Open Access

Poor pregnancy outcome after octreotide treatment during pregnancy for familial hyperinsulinemic hypoglycemia: a case report

  • Gitte O Skajaa1, 2Email author,
  • Elisabeth R Mathiesen1, 3, 5,
  • Elisabeth Iyore4,
  • Henning Beck-Nielsen6,
  • Espen Jimenez–Solem7 and
  • Peter Damm1, 2, 5
BMC Research Notes20147:804

https://doi.org/10.1186/1756-0500-7-804

Received: 23 April 2014

Accepted: 28 October 2014

Published: 17 November 2014

Abstract

Background

Late familial hyperinsulinemic hypoglycemia is characterized by recurrent episodes of hypoglycemia and an inappropriate insulinemic response. Treatment with octreotide (somatostatin analogue) reduces the prevalence of clinical significant hypoglycemia and might be beneficial during pregnancy. To our knowledge this is the first report of a woman with late familial hyperinsulinemic hypoglycemia experiencing pregnancies with and without octreotide treatment.

Case presentation

A 35-year-old Caucasian woman known to suffer from late familial hyperinsulinemic hypoglycemia due to a well-known mutation in the insulin receptor gene has been pregnant 6 times. The patient was treated with injections of Sandostatin LAR® (octreotide) during the first four pregnancies. Her first pregnancy in 1999 was unknown until approximately 25th gestational weeks with fatal intrauterine growth retardation. The following two pregnancies were terminated on parental request after a chorion villus biopsy revealed the mutation causing late familial hyperinsulinemic hypoglycemia. During the fourth pregnancy, in which the fetus also had the mutation, serial ultrasound examinations showed a small fetus with appropriate growth. At birth the girl was small for gestational age. She was admitted to the neonatal special care unit due to low blood glucose and intravenous glucose and early feeding was initiated. One day old, her condition deteriorated with signs of an abdominal catastrophe indicating necrotizing enterocolitis. After two laparotomies – both confirming necrotizing enterocolitis - the child died 8 days after birth.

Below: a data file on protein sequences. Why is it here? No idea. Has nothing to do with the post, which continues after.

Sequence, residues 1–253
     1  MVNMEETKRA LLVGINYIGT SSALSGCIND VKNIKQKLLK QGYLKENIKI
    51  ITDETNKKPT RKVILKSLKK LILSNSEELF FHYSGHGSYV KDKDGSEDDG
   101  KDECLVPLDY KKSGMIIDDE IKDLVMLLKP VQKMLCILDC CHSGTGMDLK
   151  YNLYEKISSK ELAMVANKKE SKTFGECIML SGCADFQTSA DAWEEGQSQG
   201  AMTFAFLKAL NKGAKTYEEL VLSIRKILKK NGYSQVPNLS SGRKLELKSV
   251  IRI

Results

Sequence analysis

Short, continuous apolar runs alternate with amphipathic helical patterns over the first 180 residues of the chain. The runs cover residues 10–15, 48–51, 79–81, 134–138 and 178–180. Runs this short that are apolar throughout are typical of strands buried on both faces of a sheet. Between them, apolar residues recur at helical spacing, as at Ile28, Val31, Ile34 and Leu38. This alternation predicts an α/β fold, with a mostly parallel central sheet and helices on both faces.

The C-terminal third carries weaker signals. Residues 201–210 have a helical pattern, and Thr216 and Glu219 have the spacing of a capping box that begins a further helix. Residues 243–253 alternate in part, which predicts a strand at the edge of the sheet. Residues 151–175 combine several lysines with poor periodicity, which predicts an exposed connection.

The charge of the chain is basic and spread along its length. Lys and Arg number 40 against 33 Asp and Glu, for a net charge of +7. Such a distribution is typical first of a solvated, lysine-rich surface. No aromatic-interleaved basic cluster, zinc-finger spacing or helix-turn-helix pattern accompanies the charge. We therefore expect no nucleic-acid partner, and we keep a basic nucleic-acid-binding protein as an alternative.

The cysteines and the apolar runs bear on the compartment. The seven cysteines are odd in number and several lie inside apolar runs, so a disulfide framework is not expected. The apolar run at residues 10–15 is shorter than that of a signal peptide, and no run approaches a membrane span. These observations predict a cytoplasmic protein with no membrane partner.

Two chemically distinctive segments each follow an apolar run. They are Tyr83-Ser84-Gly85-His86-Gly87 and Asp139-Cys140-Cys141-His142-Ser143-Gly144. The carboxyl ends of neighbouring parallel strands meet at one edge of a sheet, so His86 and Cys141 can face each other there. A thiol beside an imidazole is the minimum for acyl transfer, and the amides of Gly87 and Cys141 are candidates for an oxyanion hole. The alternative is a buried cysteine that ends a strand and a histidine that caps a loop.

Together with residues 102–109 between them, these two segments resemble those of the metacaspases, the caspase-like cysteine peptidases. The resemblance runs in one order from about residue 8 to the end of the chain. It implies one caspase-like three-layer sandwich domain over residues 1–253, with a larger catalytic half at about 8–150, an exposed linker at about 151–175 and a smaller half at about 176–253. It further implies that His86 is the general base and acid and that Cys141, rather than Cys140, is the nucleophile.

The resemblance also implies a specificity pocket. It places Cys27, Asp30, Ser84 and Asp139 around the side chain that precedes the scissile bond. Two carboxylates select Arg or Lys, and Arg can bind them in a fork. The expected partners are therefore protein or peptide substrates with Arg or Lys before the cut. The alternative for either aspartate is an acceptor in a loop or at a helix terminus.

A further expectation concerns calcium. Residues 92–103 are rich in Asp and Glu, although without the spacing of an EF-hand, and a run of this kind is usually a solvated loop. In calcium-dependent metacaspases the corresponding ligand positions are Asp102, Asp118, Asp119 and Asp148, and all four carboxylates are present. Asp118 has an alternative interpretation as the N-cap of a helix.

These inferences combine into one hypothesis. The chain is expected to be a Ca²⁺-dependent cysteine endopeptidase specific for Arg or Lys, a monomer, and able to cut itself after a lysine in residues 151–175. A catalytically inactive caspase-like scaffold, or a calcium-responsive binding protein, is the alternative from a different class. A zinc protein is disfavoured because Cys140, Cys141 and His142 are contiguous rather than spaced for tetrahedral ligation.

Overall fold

In the following two pregnancies Sandostatin LAR® was stopped before pregnancy and the patient was treated only with diet restriction and intensive glucose monitoring. Both pregnancies ended successfully. One child carried the mutation and was small for gestational age at birth while the other child did not carry the mutation and had normal birth weight.

Conclusion

In a woman with late familial hyperinsulinemic hypoglycemia octreotide was given during the first four pregnancies resulting in 2 cases of early termination of pregnancy on parental request and 2 cases of inappropriate fetal growth and unviable outcome. The following two pregnancies treated with diet only had a successful outcome.

Keywords

Pregnancy Diabetes Hyperinsulinemia Octreotide Necrotizing enterocolitis Intrauterine growth retardation and pregnancy outcome

Background

Late familial hyperinsulinemic hypoglycemia (FHH) is characterized by an inappropriate insulinemic response [1, 2]. Some of the causes can be gain-of-function mutations in glucokinase or glutamate dehydrogenase, abnormal pyruvate-induced insulin release, insulinomas or, as in the present case, a missense mutation in the insulin receptor gene.

This rare missense mutation in a tyrosine kinase domain in the insulin receptor causes severe postprandial hypoglycemia, insulin resistance and decreased insulin clearance. The mutation is autosomal-dominant and with variable expression [1].

One way to treat recurrent episodes of severe hypoglycemia due to hyperinsulinemia is injections with octreotide. This is a synthetic but more potent version of the natural hormone somatostatin, which inhibits insulin, glucagon and growth hormone with a prolonged duration of action. Most of the limited experience with administration of octreotide during pregnancy comes from women being treated for acromegaly, and treatment with octreotide during pregnancy in these cases is generally considered safe [3].

Case presentation

A 35-year-old Caucasian woman known to suffer from late FHH due to a well-known mutation [1] has been pregnant 6 times with the result of 2 surviving children. All the pregnancies are summarized in Table 1.
Table 1

Clinical characteristics of the patient’s pregnancies